China / HK Macao Taiwan

HK needs to rehabilitate its tourist-friendly image: Experts

By Luo Wangshu (China Daily) Updated: 2016-05-04 07:11

HK needs to rehabilitate its tourist-friendly image: Experts

Hong Kong's Chief Executive Leung Chun-ying (R) is greeted by a Minnie Mouse mascot (C) as he attends the opening ceremony of Grizzly Gulch, the largest themed area in Hong Kong Disneyland's expansion. [Photo/Agencies]

If Hong Kong wants to attract more mainland tourists, it should focus on getting its citizens to behave well toward them and rehabilitate the city's tourist-friendly image, instead of worrying about easing travel restrictions on mainlanders, tourism experts said.

The suggestion was made after Chief Executive Leung Chun-ying made it clear on Tuesday that the special administrative region's government had no plan to restore the multiple-entry individual visit scheme for people from the nearby city of Shenzhen, Guangdong province.

Evidence of the falling number of mainland tourists visiting Hong Kong came during the three-day "mini Golden Week" holiday from April 30 and May 2 when there was a 40 percent year-on-year drop in the number of mainland tour groups, according to the Hong Kong Inbound Travel Association.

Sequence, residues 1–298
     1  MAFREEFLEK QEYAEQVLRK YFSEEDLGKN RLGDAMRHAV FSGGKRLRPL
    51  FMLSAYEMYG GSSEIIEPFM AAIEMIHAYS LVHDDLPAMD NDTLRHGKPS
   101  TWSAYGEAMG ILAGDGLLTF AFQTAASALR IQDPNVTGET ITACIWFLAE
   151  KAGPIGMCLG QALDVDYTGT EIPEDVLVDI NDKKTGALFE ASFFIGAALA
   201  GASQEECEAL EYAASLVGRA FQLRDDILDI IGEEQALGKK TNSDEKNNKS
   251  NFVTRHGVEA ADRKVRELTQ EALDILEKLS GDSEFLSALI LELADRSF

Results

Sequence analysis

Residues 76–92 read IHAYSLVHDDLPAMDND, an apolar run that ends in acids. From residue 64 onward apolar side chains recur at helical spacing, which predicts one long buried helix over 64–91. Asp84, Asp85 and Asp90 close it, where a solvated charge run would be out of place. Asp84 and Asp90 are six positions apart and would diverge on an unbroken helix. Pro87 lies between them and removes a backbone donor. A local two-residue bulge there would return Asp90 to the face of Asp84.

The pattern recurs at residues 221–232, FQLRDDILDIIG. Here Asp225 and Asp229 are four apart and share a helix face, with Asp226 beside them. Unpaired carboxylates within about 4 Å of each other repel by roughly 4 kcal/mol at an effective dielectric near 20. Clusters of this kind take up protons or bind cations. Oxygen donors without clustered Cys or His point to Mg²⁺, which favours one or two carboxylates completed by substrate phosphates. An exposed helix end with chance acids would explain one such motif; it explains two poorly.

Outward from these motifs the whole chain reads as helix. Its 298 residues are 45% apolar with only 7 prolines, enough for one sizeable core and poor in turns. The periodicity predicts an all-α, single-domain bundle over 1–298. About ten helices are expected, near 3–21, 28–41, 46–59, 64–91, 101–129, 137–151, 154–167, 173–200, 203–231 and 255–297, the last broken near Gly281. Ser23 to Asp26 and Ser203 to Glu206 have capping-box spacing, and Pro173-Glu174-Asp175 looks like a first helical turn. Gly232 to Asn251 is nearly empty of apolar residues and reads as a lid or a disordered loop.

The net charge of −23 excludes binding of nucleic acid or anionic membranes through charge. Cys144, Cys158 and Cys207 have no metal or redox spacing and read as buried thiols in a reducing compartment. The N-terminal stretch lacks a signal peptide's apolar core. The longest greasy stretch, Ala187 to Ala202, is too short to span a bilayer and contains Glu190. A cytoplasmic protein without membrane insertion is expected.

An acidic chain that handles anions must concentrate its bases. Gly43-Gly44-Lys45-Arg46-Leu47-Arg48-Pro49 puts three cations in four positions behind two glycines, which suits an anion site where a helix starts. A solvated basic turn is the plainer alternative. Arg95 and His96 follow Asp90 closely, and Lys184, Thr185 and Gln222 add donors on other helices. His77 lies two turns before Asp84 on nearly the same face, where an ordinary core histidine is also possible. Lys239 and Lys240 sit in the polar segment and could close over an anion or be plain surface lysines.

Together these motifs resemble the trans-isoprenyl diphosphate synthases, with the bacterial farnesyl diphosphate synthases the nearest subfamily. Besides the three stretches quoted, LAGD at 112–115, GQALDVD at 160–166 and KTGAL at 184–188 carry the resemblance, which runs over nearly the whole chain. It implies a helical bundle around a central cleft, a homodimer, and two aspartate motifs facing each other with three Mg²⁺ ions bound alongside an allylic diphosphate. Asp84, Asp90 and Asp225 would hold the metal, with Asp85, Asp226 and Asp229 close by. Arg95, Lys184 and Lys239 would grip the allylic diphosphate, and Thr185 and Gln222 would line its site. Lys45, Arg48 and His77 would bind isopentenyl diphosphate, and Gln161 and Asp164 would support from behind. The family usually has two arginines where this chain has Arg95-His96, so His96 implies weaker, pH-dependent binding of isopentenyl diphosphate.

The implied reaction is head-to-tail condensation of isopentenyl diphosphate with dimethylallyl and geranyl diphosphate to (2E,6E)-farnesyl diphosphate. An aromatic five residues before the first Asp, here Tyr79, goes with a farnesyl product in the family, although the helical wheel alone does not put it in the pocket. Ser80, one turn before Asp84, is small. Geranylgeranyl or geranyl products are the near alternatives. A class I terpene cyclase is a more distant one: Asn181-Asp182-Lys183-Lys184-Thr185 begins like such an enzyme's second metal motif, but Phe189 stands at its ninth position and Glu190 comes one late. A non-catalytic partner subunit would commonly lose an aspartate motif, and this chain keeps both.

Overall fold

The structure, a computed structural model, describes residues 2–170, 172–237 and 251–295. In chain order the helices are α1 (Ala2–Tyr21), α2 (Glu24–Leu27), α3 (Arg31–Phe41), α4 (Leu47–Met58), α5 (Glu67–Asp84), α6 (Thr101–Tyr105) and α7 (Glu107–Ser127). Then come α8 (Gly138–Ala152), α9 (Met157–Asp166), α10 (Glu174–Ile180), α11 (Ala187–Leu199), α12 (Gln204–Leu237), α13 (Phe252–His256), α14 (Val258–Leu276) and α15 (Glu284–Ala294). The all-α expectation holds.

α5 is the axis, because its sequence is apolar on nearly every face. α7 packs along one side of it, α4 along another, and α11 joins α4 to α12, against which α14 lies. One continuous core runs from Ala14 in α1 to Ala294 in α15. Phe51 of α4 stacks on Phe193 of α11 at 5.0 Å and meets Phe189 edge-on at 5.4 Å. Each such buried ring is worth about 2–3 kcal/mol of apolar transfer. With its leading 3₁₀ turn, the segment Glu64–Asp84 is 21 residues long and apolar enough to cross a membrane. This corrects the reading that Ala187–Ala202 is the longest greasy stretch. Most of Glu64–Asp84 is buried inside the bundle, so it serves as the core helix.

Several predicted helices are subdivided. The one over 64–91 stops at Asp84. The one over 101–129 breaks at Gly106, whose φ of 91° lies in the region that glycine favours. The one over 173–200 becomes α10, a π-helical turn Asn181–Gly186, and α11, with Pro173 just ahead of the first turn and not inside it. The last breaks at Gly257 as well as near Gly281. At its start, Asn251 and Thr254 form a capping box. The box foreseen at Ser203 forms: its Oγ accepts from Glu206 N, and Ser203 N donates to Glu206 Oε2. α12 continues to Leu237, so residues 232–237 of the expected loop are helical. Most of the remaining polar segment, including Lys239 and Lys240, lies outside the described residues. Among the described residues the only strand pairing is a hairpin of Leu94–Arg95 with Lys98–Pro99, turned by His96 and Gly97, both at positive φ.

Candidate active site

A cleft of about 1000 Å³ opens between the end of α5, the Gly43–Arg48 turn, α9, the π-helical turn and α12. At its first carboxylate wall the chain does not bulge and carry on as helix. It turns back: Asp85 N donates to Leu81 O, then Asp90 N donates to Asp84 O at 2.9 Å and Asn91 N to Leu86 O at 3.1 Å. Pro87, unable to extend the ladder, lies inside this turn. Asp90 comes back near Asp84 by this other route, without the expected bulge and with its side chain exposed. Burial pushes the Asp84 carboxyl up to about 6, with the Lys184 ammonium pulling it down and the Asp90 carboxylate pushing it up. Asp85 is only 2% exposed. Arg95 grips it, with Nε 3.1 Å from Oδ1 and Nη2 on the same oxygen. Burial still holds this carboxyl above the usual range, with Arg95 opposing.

Lam Chi-ting, general secretary of Hong Kong Tourism Industry Employees General Union, said he agreed that the time is not right to reinstate the multiple-entry permits for residents from Shenzhen, or to loosen rules so that residents of other mainland cities can visit Hong Kong more easily.

"The city still needs time to study its capacity before welcoming more mainlanders," Lam said.

"Not to mention, Hong Kong people also need time to learn how to behave in a civil and friendly way toward mainland visitors."

He made the comments after recent news stories reported isolated incidents in which mainland visitors had been criticized and made to feel uncomfortable in Hong Kong.

Leung said before an Executive Council meeting on Tuesday that the SAR government was aware of the fact that too many mainland tourists could put undue pressure on the city and disturb the daily lives of local people.

The city has enjoyed several bumper years for tourism, with mainland visitors delivering a shopping and traveling bonanza to the retail sector, said Song Ding, a senior analyst from the Tourism and Real Estate Industry Research Center of the China Development Institute, a think tank based in Shenzhen.

But in the wake of fewer mainland tourists visiting the city and a cooling economy, Hong Kong has been attempting to lure tourists from countries including Japan, South Korea and the United States. However, Lam said there are limits to how much difference tourists from those markets can make.

The mainland contributes between 3 and 4 million arrivals to Hong Kong each month, compared with 150,000 to 160,000 monthly arrivals from other major markets.

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